Pakistani civil servants receive higher salaries and allowances and are entitled to more non-monetary benefits and rewards than their counterparts in the private sector, a joint report by the Pakistan Institute of Development Economics (PIDE) and United Nations Development Program (UNDP) has revealed.
According to the report, the average salary of a Pakistani bureaucrat is 12% higher than United Nations (UN) National Officers. The UN’s National Officers are considered to be some of the highest-paid private sector employees serving in Pakistan.
Non-monetary privileges of bureaucrats such as state-owned housing, plots, and official cars are much higher in comparison to private-sector employees as well.
Almost 80% of the total private-sector employees are not entitled to any non-monetary benefits. Contrarily, nearly 80% of the Pakistani bureaucrats enjoy at least three non-monetary benefits, with most of these benefits having no link with the performance and efficiency of the civil servants.
Civil Service Reforms
The joint report highlighted that 29 attempts have been made to introduce meaningful reforms in civil services since 1947. However, all of these attempts ended in complete failure as bureaucrats resisted the change.
So far, only insignificant reforms have been introduced in the civil services. They include organizational restructuring, increase in both monetary and non-monetary benefits, creation or merger of occupational groups, and changes in authoritative powers of bureaucrats.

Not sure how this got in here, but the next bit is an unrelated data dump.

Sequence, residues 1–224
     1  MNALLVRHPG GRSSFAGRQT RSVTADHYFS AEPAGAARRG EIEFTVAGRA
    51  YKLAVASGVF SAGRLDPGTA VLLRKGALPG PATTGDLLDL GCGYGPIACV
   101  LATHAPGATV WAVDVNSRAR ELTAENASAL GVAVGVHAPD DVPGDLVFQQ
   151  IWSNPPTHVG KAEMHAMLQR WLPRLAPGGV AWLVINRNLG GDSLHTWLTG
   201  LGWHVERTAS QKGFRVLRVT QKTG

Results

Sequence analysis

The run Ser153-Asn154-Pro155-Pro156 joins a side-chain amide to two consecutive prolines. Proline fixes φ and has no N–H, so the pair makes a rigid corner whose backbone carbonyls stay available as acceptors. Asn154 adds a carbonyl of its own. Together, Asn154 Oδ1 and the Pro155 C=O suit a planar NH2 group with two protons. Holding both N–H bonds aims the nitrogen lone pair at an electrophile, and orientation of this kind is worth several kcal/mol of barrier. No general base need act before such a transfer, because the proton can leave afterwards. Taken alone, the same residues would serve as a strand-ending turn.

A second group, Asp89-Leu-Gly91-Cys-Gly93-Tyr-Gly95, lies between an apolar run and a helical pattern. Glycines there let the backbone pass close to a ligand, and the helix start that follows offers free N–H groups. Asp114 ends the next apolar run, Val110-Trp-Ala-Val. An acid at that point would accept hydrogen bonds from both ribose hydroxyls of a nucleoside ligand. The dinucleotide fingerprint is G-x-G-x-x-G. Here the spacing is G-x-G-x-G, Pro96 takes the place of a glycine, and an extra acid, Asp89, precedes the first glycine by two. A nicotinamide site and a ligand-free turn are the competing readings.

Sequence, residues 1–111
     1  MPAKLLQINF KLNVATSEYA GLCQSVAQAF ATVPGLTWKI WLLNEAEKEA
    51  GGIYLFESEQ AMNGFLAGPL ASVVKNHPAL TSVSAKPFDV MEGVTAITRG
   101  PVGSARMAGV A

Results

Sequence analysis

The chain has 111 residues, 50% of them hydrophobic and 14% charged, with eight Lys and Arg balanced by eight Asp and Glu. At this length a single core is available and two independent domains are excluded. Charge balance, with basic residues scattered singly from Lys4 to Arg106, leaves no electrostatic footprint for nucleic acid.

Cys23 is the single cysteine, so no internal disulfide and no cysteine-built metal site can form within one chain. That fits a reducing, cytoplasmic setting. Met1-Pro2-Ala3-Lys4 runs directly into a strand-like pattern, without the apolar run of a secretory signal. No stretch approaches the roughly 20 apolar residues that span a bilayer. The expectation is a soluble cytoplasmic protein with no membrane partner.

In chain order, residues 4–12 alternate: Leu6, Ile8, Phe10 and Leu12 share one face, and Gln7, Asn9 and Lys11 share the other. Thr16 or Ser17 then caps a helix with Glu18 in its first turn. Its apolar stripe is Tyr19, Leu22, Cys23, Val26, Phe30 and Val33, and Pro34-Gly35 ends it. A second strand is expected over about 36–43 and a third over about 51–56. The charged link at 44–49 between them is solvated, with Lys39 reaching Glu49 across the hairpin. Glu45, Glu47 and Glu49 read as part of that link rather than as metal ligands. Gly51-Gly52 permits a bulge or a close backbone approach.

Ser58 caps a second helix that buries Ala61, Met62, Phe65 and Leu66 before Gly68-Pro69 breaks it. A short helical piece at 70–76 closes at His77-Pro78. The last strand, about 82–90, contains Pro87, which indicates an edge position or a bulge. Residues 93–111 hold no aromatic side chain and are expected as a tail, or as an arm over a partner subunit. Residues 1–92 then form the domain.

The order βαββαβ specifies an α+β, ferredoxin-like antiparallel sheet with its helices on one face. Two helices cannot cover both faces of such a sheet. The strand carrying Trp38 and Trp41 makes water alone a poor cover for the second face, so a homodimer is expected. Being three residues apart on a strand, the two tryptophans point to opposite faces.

Such reforms were originally aimed at increasing the performance of bureaucrats but they resulted in producing an environment in which civil servants only compete to receive maximum monetary and non-monetary benefits.
The PIDE and UNDP report recommended taking lessons from the civil service reforms that have been introduced in Singapore, Malaysia, and Korea in order to improve the performance of the Pakistani bureaucrats.
In light of the civil service reforms in these countries, the following bureaucratic reforms should be introduced in Pakistan:
- Monetize the non-monetary benefits.
- Link monetary benefits with performance.
- Give competitive salaries to civil servants proportionate to their private-sector counterparts.
- Reduce employees, grades, and occupational groups.
- Allow experts to join civil services in top positions.
Read the complete report here.